Friday, 28 September 2012

He Tangata

It takes all types of people to make a world, and I'm lucky enough in my work to meet many of them - the rich and the famous, the truck-driver and the elderly, the volunteer and the employed, the child and the childless, the sportsman and the politician....

We see them in the mags or on the news or walking down the street, and we form an opinion of them based on the opinions of others or on our own (very limited) knowledge. Yet when I meet them in person I get a totally different idea of who they really are.

I spoke to a senior MP about the lack of progress on the Rena shipwreck, and he happily told me what should have been done. When I suggested he was just talking politics, boy, did he get mad and all of a sudden I saw the real person. I heard his heart....

I've met rich and famous sportsmen who I wouldn't mind going out with my daughter and I've met rich and famous sportsmen who are arrogant and rude.

The same goes for teachers and employers - their position doesn't in any way guarantee their character. I want to respect you, in fact I'll give you respect because of your role, but there are times when I wouldn't respect either your decisions or your behaviour.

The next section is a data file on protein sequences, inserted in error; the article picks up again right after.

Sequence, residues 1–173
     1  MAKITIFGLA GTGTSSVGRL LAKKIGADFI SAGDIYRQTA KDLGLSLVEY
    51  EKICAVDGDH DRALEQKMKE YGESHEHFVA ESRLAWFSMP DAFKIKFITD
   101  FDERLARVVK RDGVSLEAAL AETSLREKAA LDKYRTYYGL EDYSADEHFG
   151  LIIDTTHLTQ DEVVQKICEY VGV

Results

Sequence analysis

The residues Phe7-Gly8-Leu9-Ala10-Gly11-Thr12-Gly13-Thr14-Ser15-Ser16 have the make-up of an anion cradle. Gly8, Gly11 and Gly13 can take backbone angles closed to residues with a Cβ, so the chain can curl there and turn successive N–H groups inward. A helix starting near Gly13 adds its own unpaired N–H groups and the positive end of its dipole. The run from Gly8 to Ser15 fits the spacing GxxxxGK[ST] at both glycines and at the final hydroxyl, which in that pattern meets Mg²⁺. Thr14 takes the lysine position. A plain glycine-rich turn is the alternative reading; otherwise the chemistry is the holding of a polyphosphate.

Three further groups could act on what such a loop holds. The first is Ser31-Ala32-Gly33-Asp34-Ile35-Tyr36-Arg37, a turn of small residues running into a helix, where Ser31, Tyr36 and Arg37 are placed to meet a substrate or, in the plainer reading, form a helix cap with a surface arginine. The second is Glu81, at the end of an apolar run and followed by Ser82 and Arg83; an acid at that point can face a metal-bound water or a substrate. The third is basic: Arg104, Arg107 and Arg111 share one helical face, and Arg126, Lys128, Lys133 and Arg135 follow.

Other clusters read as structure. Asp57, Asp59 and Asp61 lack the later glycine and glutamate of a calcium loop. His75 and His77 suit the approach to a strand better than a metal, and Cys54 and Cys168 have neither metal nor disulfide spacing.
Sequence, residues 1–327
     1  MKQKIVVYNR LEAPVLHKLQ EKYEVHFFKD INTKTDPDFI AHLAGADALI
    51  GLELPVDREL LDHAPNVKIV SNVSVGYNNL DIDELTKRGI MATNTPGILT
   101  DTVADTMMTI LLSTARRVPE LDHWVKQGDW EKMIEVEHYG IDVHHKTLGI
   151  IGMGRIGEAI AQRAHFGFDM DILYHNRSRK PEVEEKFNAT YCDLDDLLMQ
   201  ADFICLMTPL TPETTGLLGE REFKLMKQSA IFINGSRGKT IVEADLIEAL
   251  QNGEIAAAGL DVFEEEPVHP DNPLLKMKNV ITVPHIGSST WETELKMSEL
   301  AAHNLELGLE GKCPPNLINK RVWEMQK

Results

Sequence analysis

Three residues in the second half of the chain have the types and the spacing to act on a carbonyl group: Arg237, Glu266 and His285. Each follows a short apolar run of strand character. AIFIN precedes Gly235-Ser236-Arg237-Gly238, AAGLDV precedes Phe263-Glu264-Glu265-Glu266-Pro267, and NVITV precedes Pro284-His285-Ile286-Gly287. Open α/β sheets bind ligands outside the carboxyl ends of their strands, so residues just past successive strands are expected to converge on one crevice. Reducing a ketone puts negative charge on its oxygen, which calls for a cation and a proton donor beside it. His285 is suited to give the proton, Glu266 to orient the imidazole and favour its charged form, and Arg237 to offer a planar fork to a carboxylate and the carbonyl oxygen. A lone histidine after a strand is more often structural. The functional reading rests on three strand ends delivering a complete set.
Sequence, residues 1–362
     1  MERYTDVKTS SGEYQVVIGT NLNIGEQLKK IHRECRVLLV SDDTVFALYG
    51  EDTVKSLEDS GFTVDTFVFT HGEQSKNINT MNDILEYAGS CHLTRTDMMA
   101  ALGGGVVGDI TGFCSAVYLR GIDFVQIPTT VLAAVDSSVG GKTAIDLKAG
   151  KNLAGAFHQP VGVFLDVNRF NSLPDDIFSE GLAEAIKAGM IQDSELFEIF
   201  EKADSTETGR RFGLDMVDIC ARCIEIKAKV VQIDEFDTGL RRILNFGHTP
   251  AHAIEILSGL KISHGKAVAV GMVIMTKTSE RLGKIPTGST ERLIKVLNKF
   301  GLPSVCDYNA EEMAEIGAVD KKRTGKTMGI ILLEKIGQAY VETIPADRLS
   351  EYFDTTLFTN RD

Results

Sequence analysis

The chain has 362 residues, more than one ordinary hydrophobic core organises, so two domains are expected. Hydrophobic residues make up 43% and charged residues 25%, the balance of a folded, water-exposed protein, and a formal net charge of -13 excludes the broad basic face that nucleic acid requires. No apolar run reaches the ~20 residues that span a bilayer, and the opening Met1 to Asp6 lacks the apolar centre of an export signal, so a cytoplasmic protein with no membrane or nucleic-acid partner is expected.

I hear what they say, but I want to know what they really think - I'm looking to see if their actions in any way match their rhetoric. It's not about who you are, or the cut of your suit, or your fancy title or how well you can chase a ball. It's about what you're like under pressure and what you get up to when you think you're not being watched.

I want to know if they keep their word. (David says there's a reward for those who "swear to their own hurt" and don't change their mind.) I don't really care if you're left-wing or right-wing, I just want to know whether you genuinely care about people or your biggest ambition is to line your own pockets.

I had a lot of respect for Jeremy Dwyer, a former mayor of Hastings who often quoted the Maori proverb:
"He aha te mea nui? He tangata, he tangata, he tangata!
What is the most important thing? It is people, it is people, it is people!"
11 years later, and I still can't disagree. It takes all types, whatever their background, whatever their function. There's a place for you and despite our differences of opinion, there's a place for me. After all, if it wasn't for all the "interesting" types, the world would be a boring place, wouldn't it?

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